EP0400027A1 (en) * 1988-01-11 1990-12-05 Motorola Inc Method and apparatus for quadrature modulation.
EP0400027A4 (en) * 1988-01-11 1991-10-23 Motorola, Inc. Method and apparatus for quadrature modulation
US5694406A (en) * 1989-03-10 1997-12-02 Board Of Regents, The University Of Texas System Parallel associative processor formed from modified dram
WO1992015165A1 (en) * 1991-02-15 1992-09-03 Schlumberger Technology Corporation Transmission of well-logging data over bandpass channels using quadrature amplitude modulation
US5253271A (en) * 1991-02-15 1993-10-12 Schlumberger Technology Corporation Method and apparatus for quadrature amplitude modulation of digital data using a finite state machine
US6175599B1 (en) * 1991-02-15 2001-01-16 Schlumberger Technology Corporation Method and apparatus for transmitting and receiving digital data over a bandpass channel
US5838727A (en) * 1991-02-15 1998-11-17 Schlumberger Technology Corporation Method and apparatus for transmitting and receiving digital data over a bandpass channel
US5832041A (en) * 1994-10-21 1998-11-03 Philips Electronics North America Corporation 64 QAM signal constellation which is robust in the presence of phase noise and has decoding complexity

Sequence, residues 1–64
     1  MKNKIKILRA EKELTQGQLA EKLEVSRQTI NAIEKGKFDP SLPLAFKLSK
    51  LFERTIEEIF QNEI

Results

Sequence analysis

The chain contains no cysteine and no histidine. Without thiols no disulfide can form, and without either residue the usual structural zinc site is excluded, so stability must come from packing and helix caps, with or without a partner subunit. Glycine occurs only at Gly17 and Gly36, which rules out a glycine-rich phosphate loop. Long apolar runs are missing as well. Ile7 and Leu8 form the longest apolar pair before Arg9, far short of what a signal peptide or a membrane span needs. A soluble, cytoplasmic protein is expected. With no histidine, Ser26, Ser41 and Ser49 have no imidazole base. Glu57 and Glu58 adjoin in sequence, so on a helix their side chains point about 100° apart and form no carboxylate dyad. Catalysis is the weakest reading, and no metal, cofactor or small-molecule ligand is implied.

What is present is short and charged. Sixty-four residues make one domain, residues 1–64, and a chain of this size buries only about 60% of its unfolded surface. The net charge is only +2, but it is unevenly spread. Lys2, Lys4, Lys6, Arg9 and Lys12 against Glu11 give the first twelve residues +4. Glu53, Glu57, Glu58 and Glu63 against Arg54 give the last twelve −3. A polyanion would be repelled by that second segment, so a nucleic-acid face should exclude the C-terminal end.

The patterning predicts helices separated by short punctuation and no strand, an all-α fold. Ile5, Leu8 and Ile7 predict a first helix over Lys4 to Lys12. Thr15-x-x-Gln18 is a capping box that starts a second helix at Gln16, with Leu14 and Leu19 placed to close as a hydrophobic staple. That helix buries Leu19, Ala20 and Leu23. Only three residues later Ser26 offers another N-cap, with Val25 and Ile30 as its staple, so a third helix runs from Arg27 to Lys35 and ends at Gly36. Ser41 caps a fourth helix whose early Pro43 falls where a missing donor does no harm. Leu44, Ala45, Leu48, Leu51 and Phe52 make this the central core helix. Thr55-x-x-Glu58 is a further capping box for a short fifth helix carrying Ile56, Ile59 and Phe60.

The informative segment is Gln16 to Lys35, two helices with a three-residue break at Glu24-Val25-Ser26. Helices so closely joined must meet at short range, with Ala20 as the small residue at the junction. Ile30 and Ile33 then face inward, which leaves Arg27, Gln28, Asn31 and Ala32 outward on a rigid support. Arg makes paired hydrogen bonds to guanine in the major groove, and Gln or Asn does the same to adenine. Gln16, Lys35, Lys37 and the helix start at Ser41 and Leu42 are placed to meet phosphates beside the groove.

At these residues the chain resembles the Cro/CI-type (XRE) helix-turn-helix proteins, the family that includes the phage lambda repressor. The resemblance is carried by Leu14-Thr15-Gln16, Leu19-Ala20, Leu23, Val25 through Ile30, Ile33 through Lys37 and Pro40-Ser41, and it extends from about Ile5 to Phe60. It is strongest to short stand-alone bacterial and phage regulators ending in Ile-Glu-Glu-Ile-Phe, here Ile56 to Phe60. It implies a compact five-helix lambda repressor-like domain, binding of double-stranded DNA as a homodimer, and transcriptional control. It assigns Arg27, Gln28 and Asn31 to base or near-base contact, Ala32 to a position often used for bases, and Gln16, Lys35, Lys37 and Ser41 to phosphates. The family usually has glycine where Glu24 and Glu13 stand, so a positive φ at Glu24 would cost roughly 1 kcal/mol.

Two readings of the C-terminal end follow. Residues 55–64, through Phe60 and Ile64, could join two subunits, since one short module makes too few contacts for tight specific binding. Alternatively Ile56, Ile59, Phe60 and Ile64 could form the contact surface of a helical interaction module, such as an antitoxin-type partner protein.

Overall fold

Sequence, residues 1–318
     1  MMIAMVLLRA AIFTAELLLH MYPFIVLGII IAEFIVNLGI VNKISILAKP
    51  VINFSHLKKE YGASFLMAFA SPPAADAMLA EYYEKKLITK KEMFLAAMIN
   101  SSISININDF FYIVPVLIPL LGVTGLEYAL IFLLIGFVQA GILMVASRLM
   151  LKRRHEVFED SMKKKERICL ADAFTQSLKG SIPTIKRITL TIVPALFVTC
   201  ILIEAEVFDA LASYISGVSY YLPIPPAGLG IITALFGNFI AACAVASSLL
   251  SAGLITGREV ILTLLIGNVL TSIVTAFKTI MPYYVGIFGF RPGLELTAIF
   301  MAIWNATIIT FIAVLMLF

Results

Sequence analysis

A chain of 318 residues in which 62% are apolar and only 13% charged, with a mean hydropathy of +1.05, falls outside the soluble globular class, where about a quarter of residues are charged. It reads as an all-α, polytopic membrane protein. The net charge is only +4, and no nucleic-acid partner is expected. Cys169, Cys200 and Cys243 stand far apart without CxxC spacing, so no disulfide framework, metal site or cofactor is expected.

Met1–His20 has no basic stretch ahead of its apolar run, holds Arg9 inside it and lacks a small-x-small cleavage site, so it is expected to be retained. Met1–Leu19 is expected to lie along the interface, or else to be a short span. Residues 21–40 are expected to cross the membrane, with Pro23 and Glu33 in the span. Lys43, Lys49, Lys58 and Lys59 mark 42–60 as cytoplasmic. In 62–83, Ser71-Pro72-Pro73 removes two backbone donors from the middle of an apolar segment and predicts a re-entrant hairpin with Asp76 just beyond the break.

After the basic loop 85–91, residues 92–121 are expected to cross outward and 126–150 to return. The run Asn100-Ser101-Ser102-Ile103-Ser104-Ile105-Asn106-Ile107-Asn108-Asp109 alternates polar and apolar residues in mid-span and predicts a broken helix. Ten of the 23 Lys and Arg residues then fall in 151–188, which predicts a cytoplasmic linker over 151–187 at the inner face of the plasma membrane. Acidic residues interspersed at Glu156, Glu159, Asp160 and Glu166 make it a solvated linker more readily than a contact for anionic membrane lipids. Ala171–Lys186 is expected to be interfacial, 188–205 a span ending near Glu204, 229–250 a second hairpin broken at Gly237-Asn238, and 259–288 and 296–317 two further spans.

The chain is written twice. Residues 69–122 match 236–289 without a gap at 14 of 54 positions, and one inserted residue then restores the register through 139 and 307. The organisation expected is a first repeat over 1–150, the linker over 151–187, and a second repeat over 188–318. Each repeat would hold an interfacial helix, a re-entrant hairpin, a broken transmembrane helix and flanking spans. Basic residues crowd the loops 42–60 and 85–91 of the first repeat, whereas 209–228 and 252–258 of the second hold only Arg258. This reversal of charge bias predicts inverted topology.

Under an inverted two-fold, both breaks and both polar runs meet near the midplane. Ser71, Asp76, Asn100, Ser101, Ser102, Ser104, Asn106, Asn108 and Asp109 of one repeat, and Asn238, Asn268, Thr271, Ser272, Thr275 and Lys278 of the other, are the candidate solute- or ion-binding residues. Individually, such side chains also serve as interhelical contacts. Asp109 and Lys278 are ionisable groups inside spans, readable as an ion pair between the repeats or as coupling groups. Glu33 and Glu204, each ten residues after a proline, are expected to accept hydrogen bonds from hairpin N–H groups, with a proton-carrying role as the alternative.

US5764693A (en) * 1994-11-14 1998-06-09 Research In Motion Limited Wireless radio modem with minimal inter-device RF interference
US5917854A (en) * 1994-11-14 1999-06-29 Research In Motion Limited Wireless radio modem with minimal interdevice RF interference
US5619531A (en) * 1994-11-14 1997-04-08 Research In Motion Limited Wireless radio modem with minimal interdevice RF interference
US6088402A (en) * 1995-08-01 2000-07-11 Canon Kabushiki Kaisha QAM spread spectrum demodulation system
US5805640A (en) * 1996-04-04 1998-09-08 Motorola, Inc. Method and apparatus for conditioning modulated signals for digital communications
US5696794A (en) * 1996-04-04 1997-12-09 Motorola, Inc. Method and apparatus for conditioning digitally modulated signals using channel symbol adjustment
GB2328847B (en) * 1996-04-04 2000-10-04 Motorola Inc Method and apparatus for conditioning modulated signals for digital communications
US6373901B1 (en) 1996-04-04 2002-04-16 Motorola, Inc. Method and apparatus for conditioning modulated signals using window expansion
US6282042B1 (en) 1996-09-24 2001-08-28 Hewlett-Packard Company Data processing apparatus and methods
EP0831479A1 (en) * 1996-09-24 1998-03-25 Hewlett-Packard Company Data processing apparatus and methods